Written 1024 am Feb 26, 1991 by greenbase in cdpmideast.media From Greenpeace USA PUNDIT W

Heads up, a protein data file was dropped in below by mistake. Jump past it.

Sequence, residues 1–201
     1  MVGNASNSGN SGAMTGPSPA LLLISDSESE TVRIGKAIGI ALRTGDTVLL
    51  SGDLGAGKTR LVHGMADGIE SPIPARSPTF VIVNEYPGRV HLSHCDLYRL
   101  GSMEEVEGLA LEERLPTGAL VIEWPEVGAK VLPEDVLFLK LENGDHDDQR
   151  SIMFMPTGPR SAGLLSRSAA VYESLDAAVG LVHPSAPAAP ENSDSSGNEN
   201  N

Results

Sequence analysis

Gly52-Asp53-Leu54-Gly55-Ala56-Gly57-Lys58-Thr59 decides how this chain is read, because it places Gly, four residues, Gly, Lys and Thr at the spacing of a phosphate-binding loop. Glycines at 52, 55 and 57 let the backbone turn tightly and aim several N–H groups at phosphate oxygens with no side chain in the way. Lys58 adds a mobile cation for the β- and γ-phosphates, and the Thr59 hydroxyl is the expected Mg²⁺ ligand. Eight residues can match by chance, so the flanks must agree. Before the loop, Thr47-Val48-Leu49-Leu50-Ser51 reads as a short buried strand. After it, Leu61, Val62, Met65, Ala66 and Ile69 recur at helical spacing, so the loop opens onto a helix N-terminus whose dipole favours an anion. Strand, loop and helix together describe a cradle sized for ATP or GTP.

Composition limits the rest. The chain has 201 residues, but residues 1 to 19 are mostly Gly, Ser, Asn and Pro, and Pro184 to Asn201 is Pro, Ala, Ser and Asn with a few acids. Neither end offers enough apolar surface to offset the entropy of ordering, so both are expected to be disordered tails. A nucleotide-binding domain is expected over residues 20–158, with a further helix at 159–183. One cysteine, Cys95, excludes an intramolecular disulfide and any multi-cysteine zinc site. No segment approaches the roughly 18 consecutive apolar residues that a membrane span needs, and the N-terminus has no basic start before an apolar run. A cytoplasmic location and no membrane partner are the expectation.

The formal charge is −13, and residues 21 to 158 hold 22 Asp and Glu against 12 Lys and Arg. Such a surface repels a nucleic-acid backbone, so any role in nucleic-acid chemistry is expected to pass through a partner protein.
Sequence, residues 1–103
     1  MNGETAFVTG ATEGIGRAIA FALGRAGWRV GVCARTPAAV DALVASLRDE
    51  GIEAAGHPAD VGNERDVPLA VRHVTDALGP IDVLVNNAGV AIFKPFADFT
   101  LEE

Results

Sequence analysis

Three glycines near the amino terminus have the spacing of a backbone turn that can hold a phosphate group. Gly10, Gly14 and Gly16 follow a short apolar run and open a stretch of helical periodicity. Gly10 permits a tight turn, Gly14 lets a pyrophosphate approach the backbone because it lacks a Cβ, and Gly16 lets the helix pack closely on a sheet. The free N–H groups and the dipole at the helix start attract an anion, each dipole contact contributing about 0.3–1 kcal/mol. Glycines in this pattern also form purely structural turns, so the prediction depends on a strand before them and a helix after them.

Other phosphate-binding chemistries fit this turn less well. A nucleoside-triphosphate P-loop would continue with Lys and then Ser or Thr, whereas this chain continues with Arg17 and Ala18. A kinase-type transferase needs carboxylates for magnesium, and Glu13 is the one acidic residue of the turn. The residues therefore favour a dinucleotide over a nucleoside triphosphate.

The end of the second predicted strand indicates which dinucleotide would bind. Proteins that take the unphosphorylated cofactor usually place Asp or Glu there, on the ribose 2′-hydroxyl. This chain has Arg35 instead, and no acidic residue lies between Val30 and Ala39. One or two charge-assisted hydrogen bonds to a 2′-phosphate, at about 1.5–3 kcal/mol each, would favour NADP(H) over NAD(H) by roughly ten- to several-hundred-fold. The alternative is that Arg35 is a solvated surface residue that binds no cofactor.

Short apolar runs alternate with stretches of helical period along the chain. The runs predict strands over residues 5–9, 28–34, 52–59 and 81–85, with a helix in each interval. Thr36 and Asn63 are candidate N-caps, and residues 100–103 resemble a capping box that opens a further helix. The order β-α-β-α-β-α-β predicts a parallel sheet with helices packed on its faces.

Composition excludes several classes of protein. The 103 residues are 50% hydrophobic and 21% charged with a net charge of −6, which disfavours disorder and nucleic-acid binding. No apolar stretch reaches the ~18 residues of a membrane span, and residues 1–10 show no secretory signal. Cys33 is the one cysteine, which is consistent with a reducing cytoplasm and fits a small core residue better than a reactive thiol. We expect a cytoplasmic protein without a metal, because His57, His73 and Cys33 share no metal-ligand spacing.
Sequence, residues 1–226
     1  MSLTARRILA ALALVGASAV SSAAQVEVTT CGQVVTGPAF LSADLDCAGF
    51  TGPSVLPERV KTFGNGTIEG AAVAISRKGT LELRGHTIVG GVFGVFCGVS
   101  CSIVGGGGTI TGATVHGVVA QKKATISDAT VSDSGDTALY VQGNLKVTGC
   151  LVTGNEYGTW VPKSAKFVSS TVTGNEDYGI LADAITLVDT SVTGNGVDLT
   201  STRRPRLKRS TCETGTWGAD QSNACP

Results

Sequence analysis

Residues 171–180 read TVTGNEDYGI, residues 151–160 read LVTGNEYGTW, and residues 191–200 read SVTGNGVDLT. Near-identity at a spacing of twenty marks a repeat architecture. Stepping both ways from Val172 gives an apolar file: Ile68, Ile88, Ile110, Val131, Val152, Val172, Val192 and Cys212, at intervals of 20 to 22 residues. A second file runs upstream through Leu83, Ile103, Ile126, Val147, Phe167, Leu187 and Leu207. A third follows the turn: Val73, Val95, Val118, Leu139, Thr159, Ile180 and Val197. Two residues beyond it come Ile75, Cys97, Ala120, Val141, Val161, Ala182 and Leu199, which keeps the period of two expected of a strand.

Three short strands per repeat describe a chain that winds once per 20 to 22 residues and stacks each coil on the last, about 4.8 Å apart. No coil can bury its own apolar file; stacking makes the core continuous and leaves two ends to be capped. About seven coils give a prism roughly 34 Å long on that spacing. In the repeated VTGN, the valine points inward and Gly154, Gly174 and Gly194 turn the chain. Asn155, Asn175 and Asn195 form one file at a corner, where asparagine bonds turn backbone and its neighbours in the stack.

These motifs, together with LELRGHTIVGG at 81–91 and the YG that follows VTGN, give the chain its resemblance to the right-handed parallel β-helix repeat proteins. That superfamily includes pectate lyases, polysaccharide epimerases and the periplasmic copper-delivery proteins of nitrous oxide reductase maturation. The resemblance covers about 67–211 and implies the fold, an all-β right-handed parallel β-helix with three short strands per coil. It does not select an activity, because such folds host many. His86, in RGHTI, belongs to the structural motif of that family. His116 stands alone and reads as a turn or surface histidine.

Master Index Current Directory Index Go to SkepticTank Go to Human Rights activist Keith Henson Go to Scientology cult

Skeptic Tank!